[3] N. Theodorakopoulos, M. Peyrard and R.S. MacKay, Nonlinear structures and thermodynamic instabilities in a one-dimensional lattice system. Phys. Rev. Lett. 93, 258101-1-4 (2004)

[4] M. Peyrard, S. Cuesta Lopez and G. James, Modelling DNA at the mesoscale: a challenge for nonlinear science? Nonlinearity 21, T91-T100 (2008)

Mikhail Polikarpov (Institute for Theoretical and Experimental Physics) Saturday 24th July 11:00
Talk: Effects of strong magnetic field in lattice QCD
In the non-central heavy ion collisions a very strong magnetic field can be generated and the interference of strong and electromagnetic interactions produce various physical effects. We use the chirally invariant lattice Dirac operator to study gluodynamics in the strong magnetic field. The observed effects are: the enhancement of the chiral condensate, magnetization of the vacuum (spins of the virtual quarks turn parallel to the external field), the local generation of the anomalous quark electric dipole moment along the magnetic field, the chiral magnetic effect (a CP-odd generation of the electric current of quarks directed along the magnetic field), existence of nonzero electric conductivity along the direction of the field (the vacuum becomes an anisotropic conductor).

Mukund Rangamani (Durham University) Thursday 22nd July 11:00
Quantum fields in curved spacetime: The strong coupling story

Simon Ross (Durham University) Wednesday 21st July 09:00
Holography for non-relativistic CFTs

Edward Shuryak (Stony Brook University ) Saturday 24th July 11:45
QCD topology and RHIC experiments
The first half of the talk is related with confinement problem and its relation to instantons/dyons/monopoles: one new element is lattice study of the monopole clustering which provides clear evidence of their Bose condensation exactly at Tc. The second tells about several topology-related issues of the RHIC program. QCD sphalerons and RHIC experiment aimed at observing them directly in double-diffractive pp collisions. The so called Magnetic Chiral Effect looks for CP-odd domains inside the QGP produced in heavy ion collisions. Finally, there are evidences of flux tubes preserved in hot matter, confirming a view that near-Tc matter is basically a plasma of magnetic objects.

Jacob Sonnenschein (Tel Aviv University) Thursday 22nd July 09:45
Non-perturbative field theory- from 2d CFT to QCD in four dimensions

Mikhail Stephanov (University of Illinois, Chicago) Thursday 22nd July 11:45
AdS/QCD and Charmonium at Finite Temperature
I shall discuss holographic approach to charmonium and its spectral function at finite temperature in terms of the position and the strength of the complex singularities (quasinormal modes). Within the model, the 'melting' of the J/psi spectral peak occurs at a temperature T~540 MeV, in agreement with lattice results.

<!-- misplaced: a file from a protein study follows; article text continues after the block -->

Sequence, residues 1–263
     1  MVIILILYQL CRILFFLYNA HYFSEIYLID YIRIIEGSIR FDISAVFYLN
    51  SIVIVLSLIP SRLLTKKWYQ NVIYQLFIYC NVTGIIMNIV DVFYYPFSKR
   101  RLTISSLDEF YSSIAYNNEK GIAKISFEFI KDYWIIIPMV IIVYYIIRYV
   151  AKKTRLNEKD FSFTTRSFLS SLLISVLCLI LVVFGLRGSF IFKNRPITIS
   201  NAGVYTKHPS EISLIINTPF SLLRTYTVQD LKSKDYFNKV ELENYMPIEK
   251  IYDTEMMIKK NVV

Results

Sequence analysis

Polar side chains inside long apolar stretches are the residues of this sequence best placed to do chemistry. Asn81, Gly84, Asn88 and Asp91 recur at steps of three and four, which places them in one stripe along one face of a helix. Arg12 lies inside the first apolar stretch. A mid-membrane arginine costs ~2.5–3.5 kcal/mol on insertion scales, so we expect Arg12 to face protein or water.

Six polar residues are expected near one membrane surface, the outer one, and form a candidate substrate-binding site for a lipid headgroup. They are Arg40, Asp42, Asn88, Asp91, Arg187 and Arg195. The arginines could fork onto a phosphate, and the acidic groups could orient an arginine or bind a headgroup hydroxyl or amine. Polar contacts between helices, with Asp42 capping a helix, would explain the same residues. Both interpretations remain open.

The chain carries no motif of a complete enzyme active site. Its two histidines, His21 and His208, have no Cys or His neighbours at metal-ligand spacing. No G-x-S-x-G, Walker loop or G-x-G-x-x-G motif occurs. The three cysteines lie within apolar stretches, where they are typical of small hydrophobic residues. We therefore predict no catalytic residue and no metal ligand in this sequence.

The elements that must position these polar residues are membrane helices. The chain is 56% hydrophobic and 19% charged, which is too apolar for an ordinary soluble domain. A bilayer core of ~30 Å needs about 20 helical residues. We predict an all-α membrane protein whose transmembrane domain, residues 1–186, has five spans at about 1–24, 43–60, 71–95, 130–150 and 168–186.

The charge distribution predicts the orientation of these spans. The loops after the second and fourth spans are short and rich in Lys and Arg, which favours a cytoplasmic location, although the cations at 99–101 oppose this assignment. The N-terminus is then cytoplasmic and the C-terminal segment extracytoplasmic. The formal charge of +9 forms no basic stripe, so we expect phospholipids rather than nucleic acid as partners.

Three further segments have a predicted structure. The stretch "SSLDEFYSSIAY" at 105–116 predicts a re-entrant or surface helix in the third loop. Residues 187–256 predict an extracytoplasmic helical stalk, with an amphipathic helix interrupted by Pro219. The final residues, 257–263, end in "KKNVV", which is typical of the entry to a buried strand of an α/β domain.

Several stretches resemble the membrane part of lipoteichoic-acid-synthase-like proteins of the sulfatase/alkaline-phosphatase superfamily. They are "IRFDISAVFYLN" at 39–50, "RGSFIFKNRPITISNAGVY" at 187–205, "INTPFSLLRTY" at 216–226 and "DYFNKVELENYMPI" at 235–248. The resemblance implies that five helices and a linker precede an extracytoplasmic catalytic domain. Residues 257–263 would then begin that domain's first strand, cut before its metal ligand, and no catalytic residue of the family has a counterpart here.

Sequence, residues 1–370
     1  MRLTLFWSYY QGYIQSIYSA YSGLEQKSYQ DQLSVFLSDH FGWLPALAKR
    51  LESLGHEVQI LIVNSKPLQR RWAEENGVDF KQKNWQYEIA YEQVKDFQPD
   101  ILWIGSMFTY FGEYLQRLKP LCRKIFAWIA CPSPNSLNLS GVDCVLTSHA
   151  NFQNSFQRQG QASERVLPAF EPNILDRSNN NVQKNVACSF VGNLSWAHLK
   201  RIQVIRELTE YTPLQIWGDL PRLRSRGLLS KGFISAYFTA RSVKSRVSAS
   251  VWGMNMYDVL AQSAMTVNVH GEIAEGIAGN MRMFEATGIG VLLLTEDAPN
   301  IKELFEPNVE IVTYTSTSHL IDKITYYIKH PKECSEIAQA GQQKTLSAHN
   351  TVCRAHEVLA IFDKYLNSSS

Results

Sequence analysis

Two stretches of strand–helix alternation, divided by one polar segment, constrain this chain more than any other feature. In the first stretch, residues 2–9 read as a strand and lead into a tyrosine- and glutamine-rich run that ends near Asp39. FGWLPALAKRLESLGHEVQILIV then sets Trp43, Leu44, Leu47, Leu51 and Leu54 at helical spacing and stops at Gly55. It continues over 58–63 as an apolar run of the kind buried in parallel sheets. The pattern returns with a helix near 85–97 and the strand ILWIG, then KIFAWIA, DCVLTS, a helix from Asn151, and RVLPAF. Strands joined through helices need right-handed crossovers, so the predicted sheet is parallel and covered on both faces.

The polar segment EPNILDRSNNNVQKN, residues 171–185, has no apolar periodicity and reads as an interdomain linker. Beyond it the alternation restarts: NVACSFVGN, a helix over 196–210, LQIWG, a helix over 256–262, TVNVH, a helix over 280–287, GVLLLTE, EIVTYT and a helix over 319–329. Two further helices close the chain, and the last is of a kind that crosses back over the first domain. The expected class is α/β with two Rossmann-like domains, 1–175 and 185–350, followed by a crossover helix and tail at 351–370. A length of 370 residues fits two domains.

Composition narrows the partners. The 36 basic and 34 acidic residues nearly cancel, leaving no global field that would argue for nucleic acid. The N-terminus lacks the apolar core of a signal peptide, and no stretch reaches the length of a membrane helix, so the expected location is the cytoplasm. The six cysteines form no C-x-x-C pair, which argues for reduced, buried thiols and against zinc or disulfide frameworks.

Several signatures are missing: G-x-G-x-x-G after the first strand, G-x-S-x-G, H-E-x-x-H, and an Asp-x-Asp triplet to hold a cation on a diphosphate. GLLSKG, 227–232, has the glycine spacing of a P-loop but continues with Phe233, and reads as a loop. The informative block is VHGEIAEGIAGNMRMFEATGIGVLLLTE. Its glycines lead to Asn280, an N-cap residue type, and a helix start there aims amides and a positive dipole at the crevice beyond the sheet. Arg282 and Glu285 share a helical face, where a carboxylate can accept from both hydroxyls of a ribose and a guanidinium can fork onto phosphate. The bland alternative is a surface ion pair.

Paul Sutcliffe (Durham University) Friday 23rd July 11:45
Skyrmions, instantons and holography
I will describe how the holonomy of Yang-Mills instantons yields exact solutions of a BPS Skyrme model, in which the Skyrme field is coupled to a tower of vector mesons.

Arkady Tseytlin (Imperial College London) Tuesday 20th July 16:30
Superstrings in AdS5 × S5: some perturbative results
I will review some recent results of perturbative computations for superstrings in AdS5 × S5 and their correspondence with Bethe ansatz results for the spectrum. I will also discuss semiclassical approximation for 2-point correlators of string vertex operators.

Dmytro Volin (Penn State University) Tuesday 20th July 11:45
Y-systems and spin chains
There is an intriguing fact that transfer matrices of integrable spin chains and T-functions that follow from the thermodynamic Bethe Ansatz obey the same Hirota equations. It is therefore natural to ask the question if these two originally different objects coincide. We will consider two different examples trying to answer this question. For one case the answer is "yes". For another one the answer is not clear, and there are arguments that favor the negative answer.

Erick Weinberg (Columbia University) Friday 23rd July 16:30
Massless magnetic monopoles

Laurence Yaffe (University of Washington) Saturday 24th July 09:45
Large N volume independence in conformal and confining gauge theories
In the large N limit, gauge theories compactified on Rd-k × (S1)k are independent of the S1 radii provided the theory has unbroken center symmetry.
This implies that a large N gauge theory which, on Rd, flows to an IR fixed point retains the infinite correlation length and other scale invariant properties even when toroidally compactified. Numerical studies to determine the conformal window boundary may, in the large N limit, be performed on one-site lattice models. Large N QCD with massive adjoint fermions, when toroidally compactified, has a rich phase structure with infinitely many phase transitions coalescing in the zero radius limit.

Piljin Yi (Korea Institute for Advanced Study) Monday 19th July 16:30
Holographic Baryons and a Matrix Model